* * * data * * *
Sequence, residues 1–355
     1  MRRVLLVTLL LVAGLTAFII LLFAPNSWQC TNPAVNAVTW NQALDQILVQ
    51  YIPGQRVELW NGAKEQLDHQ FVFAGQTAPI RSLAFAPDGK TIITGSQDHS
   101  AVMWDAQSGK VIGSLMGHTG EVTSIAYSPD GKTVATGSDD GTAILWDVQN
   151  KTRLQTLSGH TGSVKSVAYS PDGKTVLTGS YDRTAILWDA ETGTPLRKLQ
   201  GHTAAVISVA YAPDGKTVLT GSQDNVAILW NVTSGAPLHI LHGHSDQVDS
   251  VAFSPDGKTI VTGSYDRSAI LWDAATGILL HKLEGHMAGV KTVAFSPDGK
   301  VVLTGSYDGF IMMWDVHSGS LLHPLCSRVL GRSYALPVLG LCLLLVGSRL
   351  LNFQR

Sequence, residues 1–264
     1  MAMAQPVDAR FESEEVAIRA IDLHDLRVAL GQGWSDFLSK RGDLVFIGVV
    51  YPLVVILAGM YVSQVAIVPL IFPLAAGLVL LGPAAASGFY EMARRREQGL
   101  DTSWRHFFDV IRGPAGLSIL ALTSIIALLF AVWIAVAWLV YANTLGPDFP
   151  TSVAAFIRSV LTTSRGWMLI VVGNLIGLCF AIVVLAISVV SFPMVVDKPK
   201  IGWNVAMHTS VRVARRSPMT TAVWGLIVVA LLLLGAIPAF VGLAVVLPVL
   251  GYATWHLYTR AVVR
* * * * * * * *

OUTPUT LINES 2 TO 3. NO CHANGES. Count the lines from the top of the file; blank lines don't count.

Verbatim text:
     1  MRRVLLVTLL LVAGLTAFII LLFAPNSWQC TNPAVNAVTW NQALDQILVQ
    51  YIPGQRVELW NGAKEQLDHQ FVFAGQTAPI RSLAFAPDGK TIITGSQDHS